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G7 Leaders Plan to Confront Their Latest Health Crisis by Videoconference

John Kirton, G7 Research Group
March 14, 2020

On Monday, March 16, 2020, G7 leaders are scheduled to hold a videoconference to discuss and agree on collective action to confront the current COVID-19 crisis. They will discuss strengthening information sharing and research and development on the causes of the crisis and a vaccine that could prevent its escalation among those still physically untouched by it. The videoconference was initiated by French president Emmanuel Macron, host of the 2019 G7 summit at Biarritz, who proposed it in a phone call on March 13 to U.S. president Donald Trump, who hosts the G7 this year. It follows similar videoconferences by G7 ministers of health on February 3 and G7 finance ministers and central bank governors on March 3. G7 finance deputies also spoke by conference call on March 12.

This is the first time since G7 summitry started in 1975 that G7 leaders have had an ad hoc emergency videoconference call among themselves. To be sure, they have held three in-person summits between their regularly scheduled annual ones. The first was in 1985, when U.S. president Ronald Reagan called his G7 colleagues to join with him before he went on to meet his Soviet counterpart at the first Superpower Summit in half a decade. French president Fran├žois Mitterrand was the only who chose not to attend.

The second was in 1996, when all G7 leaders travelled to Russia for the Moscow Nuclear Safety Summit with their new partner Boris Yeltsin, whose re-election campaign they sought to boost in this way.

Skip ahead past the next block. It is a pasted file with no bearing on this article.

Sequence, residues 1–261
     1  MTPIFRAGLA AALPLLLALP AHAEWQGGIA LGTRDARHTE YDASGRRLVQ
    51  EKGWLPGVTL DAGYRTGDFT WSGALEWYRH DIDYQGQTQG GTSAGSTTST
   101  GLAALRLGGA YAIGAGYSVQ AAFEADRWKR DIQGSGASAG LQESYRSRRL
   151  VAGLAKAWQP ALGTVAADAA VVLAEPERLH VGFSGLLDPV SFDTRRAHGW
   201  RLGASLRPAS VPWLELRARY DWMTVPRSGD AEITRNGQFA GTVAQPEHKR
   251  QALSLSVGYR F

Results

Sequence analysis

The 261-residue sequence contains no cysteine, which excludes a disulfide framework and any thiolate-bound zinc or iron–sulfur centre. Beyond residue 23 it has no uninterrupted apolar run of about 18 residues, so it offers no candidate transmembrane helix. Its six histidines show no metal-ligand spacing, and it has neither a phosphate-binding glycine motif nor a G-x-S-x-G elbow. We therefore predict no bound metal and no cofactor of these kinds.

The third came in 2014, at the Hague, in a two-hour G7 leaders' gathering on the margins of the long-scheduled Nuclear Safety Summit. They discussed how to further respond to Russia's invasion and annexation of the Crimean region of Ukraine and how to shape their regularly scheduled G7 summit. They decided to do it at the same time as it had been scheduled, in June, but to it in Brussels without Russian president Vladimir Putin, rather than in Sochi at the G8 summit, which had emerged in 1998.

G7 ministers and officials have often conferred virtually, with the first such meeting among G8 justice and interior ministers holding a three-hour videoconference in 1998 (Hajnal 2007).

The March 16 videoconference is the first intersessional meeting to have been called on such short notice and to have been inspired by a crisis on health. The closest predecessor was the creation of the ministerial-level Global Health Security Initiative, inspired by the deadly anthrax attacks in the United States in the immediate wake of the 9/11 terrorist attacks in New York City and Washington DC. Here the initiator was Tommy Thompson, then serving as U.S. health secretary. The GHSI included all G7 members but not Russia although it was a member o the expanded G8; it included Mexico, whose intense agricultural trade with the United States was first considered as a possible source of the anthrax that led to deaths in the United States. While not presenting itself as a G7 body, the GHSI deepened in practice the long-standing work of the G7 in global health governance (Cooper, Kirton and Schrecker 2007; Cooper and Kirton 2009). That G7 health governance spiked in at the 1998 Birmingham Summit, and was high from 2000 to 2017 in G7 leaders' deliberations and commitments and their countries' compliance with them (Muhanna 2019).

The March 16 videoconference is also the first to bring digital diplomacy to the G7 leaders' level. As with the founding of G7 summitry in 1975, it appears to be the result of a French initiative, but the United States is the decisive player in the end and perhaps throughout.

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References

Hajnal, Peter I. (2007). The G8 System and the G20 (Farnham: Ashgate).

Cooper, Andrew F., John Kirton and Ted Schrecker, eds. (2007). Governing Global Health: Challenge, Response, Innovation (Farnham: Ashgate).

Cooper, Andrew F., and John Kirton, eds. (2009). Innovation in Global Health Governance: Critical Cases (Farnham: Ashgate).

Muhanna, Duja (2019). "G7 Performance on Health," in John Kirton and Madeline Koch, eds., G7 France: 2019 Biarritz Summit (London: GT Media).


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